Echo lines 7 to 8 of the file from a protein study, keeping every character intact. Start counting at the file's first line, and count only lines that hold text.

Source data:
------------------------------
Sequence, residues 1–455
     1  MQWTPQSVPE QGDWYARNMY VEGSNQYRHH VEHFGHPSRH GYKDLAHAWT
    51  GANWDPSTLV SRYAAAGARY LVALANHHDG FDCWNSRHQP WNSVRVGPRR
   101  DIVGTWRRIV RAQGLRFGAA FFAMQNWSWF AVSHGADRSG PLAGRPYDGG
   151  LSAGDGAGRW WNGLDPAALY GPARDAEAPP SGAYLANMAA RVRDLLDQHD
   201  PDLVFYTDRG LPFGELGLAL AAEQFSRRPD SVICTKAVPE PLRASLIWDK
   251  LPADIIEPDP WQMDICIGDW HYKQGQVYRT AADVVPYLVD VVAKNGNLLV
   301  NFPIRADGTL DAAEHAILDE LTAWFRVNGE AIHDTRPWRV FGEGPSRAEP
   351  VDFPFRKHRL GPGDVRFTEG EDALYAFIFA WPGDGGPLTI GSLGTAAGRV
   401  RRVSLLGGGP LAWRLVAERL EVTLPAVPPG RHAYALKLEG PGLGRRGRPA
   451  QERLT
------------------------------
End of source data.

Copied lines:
   251  LPADIIEPDP WQMDICIGDW HYKQGQVYRT AADVVPYLVD VVAKNGNLLV
   301  NFPIRADGTL DAAEHAILDE LTAWFRVNGE AIHDTRPWRV FGEGPSRAEP